The corporate communications department also helps market to patients by providing leaflets and screen savers for computers in the exam rooms that encourage patients to ask their doctors about HealthTrak. Sign-ups average about 700 per week, up from 500 last year, Martich says.
Patients with the most diagnoses—the sickest—are the most likely to use a PHR, says Holly Miller, MD, MBA, FHIMSS, chief medical officer with MedAllies, a company in Fishkill, NY, that provides PHR and other technical support for healthcare providers. She also is on the board of directors of HIMSS and is former CMIO for Cleveland-based University Hospitals and Health Systems.
“There have been many instances of PHRs that were relatively disappointing in terms of patient adoption,” Miller says. “Over the last 10 years there has been a great deal of research about what patients want and what they respond to. What has become clear in my mind is that patients are looking for tools that allow for communication and services with their physicians, but they also respond to PHRs that connect them with communities of other patients.”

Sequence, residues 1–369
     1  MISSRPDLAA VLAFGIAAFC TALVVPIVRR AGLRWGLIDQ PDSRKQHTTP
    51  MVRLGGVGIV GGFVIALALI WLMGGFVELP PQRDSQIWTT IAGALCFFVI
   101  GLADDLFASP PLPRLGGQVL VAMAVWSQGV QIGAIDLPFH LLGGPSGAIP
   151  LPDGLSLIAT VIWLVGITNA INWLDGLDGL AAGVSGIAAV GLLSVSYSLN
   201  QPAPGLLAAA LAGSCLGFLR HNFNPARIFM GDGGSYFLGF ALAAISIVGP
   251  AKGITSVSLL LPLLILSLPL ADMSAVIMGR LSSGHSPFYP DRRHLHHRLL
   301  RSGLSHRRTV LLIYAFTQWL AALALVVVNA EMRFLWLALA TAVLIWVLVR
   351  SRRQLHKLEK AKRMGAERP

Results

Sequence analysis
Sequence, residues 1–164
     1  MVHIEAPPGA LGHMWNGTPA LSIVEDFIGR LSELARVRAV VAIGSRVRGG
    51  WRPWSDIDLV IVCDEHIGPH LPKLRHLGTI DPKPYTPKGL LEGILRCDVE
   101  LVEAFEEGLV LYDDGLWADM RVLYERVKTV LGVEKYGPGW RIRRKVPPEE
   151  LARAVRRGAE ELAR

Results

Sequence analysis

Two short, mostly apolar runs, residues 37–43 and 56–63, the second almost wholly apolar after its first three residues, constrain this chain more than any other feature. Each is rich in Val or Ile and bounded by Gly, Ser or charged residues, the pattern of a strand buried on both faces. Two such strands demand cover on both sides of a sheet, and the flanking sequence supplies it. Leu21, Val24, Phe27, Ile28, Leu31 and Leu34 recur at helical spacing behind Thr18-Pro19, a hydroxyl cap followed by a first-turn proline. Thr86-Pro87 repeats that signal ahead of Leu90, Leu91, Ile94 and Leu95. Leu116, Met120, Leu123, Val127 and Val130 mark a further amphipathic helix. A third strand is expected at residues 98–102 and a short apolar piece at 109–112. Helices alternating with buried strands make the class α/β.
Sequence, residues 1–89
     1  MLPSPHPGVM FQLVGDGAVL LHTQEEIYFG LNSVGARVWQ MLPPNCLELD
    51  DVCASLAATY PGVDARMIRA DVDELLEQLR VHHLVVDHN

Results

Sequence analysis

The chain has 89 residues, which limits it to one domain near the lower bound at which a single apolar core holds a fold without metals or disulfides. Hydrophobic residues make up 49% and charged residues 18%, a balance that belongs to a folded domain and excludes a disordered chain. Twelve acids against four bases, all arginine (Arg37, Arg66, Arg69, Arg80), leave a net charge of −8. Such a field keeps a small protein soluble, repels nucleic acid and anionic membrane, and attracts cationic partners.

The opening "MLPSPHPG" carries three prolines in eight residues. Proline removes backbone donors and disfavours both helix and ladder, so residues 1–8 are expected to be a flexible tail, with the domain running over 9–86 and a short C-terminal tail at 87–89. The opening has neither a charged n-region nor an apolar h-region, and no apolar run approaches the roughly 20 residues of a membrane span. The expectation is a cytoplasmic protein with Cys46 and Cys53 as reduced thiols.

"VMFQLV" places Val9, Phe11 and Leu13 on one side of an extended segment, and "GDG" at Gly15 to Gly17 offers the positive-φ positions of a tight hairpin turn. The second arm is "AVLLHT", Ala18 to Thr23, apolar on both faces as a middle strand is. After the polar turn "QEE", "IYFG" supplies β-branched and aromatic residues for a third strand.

Allowing patients to connect with others through the PHR can encourage participation, Miller says, because many patients appreciate being part of a virtual community of people with the same diagnosis.
“We also have seen that if the physician suggests they use the PHR, the patient is far more likely to use it,” Miller says. “They respond well when the doctor says this is a way that the two of them can stay in touch better and more directly.”
Martich notes that any PHR plans should include a proxy procedure for minors. Parents will want access to their children’s records, and teens may require special arrangements. State laws will vary on proxies, he says.